I still don't know fully what to make of the Seven Hundred Billion Dollar financial bailout. (Remember: $700 billion is a huge amount of money, enough to seven million houses just like mine... and there are only 124,000 chronically homeless people in the U.S.) My gut tells me we should sock it to the meatheads, borrowers and lenders alike, who caused this mess. But then I think back to Prof. Blanchard's sensible words on fires and fat, stupid brothers-in-law, and I feel inclined to put my anger aside and fix the problem now and the blame later.
And when Republican Joel Dykstra criticizes Democrat Tim Johnson for siding with constituents and not supporting a massive government intervention in the free market, well, I can hardly tell what planet I'm on any more.
But to today's vote: with the Senate's aye vote Wednesday, the bailout ball is now back in the House's court. Representative Herseth Sandlin voted no on Monday (along with Dennis Kucinich and Mike Pence, another mind-bending political convergence). Will she flip her vote to grease the economy and let her and her colleagues get back home to campaign (not that Herseth Sandlin has to work too hard, even if Chris Lien does slide his whole face into his campaign banner)?
If I were in her shoes, I think I could come up with a justification for turning my Nay on the bailout into an Aye. Let's speculate... literally. Let's speculate in the best investment the world has ever known: real estate.
O.K., I know, the housing market stinks, that's the problem. But as Donald Trump said on KELO last week, that's also the opportunity. The market wants cash, liquid assets, not boring old solid assets like houses. We, the American taxpayers, have cash... or at least a reasonable facsimile thereof in the form of an apparently infinite federal debt capacity. Fine. Let's buy. The banks will kiss our feet for it, and they'll get back to floating the loans we need to meet payrolls, buy cars and equipment.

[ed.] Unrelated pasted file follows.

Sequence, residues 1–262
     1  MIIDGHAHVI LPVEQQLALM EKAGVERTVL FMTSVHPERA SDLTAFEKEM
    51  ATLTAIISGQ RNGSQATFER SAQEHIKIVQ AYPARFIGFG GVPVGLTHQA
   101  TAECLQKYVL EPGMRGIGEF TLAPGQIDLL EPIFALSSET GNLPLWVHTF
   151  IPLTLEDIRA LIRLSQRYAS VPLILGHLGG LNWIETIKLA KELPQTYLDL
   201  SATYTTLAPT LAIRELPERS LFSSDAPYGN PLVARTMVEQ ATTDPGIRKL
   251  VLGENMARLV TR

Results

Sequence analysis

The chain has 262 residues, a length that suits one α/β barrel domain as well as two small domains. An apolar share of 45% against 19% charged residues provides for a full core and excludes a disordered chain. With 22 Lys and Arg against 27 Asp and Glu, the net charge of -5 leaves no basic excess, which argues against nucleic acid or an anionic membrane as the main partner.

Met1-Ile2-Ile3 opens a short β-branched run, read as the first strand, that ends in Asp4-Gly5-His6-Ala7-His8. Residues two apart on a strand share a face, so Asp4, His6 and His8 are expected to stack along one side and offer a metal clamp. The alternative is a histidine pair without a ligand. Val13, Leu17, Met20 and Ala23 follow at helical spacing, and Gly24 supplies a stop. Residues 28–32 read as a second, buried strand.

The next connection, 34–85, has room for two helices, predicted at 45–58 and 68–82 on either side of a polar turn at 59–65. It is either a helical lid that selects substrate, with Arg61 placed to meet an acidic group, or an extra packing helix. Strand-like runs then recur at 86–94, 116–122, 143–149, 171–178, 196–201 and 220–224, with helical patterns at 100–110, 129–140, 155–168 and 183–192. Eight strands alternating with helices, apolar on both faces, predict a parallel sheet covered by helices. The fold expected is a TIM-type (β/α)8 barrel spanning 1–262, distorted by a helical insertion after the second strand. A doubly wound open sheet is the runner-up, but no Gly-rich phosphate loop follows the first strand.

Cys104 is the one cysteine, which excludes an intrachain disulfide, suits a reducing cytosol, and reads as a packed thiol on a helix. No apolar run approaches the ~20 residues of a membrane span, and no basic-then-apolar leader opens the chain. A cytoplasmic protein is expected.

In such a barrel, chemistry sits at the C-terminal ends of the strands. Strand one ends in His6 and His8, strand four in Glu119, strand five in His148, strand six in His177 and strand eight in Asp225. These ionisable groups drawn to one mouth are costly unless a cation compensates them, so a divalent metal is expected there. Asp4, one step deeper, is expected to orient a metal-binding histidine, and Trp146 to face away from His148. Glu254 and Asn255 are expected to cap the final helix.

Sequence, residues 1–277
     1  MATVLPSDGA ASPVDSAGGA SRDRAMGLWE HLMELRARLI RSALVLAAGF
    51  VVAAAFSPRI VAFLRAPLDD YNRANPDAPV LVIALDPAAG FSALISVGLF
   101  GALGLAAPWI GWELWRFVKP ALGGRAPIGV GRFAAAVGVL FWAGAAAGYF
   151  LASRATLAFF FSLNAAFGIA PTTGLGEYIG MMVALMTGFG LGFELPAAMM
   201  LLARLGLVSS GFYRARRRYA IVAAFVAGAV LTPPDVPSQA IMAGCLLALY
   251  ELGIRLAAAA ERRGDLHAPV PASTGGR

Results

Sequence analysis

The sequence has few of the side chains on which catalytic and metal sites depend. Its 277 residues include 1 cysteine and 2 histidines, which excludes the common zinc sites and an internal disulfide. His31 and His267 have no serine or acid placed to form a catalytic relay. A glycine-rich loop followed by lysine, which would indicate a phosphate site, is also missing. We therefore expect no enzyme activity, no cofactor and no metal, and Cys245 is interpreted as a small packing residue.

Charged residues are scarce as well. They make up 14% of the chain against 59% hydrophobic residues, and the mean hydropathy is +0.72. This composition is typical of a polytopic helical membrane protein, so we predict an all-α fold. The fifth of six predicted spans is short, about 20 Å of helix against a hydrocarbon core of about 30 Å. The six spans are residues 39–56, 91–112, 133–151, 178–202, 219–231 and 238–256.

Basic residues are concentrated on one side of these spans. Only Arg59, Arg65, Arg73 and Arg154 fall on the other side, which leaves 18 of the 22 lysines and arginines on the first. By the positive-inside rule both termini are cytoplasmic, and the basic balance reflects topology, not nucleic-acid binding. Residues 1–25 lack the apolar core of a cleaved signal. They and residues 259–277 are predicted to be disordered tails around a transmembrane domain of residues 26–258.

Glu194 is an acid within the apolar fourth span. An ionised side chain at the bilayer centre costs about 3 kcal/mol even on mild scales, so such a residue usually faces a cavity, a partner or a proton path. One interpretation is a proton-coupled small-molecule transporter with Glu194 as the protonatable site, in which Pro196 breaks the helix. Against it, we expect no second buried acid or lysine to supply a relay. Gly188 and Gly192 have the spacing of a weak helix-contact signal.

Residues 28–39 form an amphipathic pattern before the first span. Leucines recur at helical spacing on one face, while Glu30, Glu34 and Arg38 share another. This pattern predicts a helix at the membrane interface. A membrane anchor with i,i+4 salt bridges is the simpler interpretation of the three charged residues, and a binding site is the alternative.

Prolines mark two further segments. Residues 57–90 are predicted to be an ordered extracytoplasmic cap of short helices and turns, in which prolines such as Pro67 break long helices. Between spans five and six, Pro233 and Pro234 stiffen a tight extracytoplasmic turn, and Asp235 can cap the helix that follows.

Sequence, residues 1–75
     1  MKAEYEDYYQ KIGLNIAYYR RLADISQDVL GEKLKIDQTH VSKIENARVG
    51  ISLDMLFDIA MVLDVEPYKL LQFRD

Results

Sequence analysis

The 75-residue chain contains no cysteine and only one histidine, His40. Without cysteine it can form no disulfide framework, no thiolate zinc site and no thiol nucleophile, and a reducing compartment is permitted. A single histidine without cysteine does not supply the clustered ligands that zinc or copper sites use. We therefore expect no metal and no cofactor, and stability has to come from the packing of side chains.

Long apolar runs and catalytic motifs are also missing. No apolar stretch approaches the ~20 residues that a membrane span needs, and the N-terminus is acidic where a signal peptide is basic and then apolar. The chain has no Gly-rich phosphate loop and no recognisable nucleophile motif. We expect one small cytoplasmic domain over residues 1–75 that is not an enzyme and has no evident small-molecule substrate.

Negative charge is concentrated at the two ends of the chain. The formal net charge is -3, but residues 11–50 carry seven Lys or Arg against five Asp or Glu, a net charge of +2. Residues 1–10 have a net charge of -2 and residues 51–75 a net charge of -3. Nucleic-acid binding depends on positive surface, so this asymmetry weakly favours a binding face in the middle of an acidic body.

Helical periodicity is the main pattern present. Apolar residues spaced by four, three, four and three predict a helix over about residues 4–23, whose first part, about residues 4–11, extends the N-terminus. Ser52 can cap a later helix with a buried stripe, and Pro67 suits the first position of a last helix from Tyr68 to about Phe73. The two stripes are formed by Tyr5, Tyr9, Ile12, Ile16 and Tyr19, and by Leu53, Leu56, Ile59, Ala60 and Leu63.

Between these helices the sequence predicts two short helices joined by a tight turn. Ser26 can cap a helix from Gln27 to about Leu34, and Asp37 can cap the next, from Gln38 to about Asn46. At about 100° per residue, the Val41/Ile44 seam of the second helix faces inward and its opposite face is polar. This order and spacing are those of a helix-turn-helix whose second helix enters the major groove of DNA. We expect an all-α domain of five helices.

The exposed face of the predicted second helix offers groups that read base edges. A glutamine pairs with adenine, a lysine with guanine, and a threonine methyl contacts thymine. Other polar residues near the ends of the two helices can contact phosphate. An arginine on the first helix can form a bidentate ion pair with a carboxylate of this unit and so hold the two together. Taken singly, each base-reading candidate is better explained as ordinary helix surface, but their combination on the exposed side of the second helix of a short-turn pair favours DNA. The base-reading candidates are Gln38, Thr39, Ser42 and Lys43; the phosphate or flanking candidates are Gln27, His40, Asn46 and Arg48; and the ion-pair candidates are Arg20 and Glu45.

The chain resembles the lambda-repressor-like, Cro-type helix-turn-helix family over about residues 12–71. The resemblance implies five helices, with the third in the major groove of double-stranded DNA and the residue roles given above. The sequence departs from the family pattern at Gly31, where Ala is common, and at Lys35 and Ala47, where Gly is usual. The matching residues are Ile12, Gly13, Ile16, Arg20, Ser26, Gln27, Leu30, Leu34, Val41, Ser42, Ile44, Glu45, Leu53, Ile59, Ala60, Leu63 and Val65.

Plus, we will be the proud owners of a whole bunch of houses, or at least mortgages. Think that's a worthless investment? Right now, maybe. We aren't going to flip those houses on the market in 2009. But we don't have to be like the bankers and brokers and constantly move our money around. We can sit on this investment for five, ten years. Straighten out Wall Street, ride out the current turbulence, get five million veterans and other Americans to work in President Obama's new "Green-collar" jobs, and let the real estate market do what all investments except for horse-and-buggy stocks do over the long term: grow.
The population is growing, and land isn't. Folks will always need places to live. Investment in real estate may not be a plus on the FY2008 balance sheet, but long-term, it will always pan out.
The banks don't want to delay their gratification, hold onto their mortgage investments, and enjoy the profits ten years from now? Fine. We'll take those profits, thank you, and pour them right into balancing the federal budget in 2018.
Is that economic analysis sound? I really have no idea. But it seems to make as much sense as anything else I've heard from Wall Street and the politicians over the past two weeks (two weeks, and no meltdown yet!).
Congresswoman Herseth Sandlin, your comments (and everyone else's!) are welcome. We look forward to your vote today....
Update 14:41 CDT: The Kucinich-Herseth Sandlin-Pence axis stayed strong, but enough others wavered: on a 263–171 vote, the House of Representatives approved the bailout, and President Bush has fixed his signature to the biggest single federal intervention in the economy ever. Hold onto your hats, kids: we're going into the real estate business!
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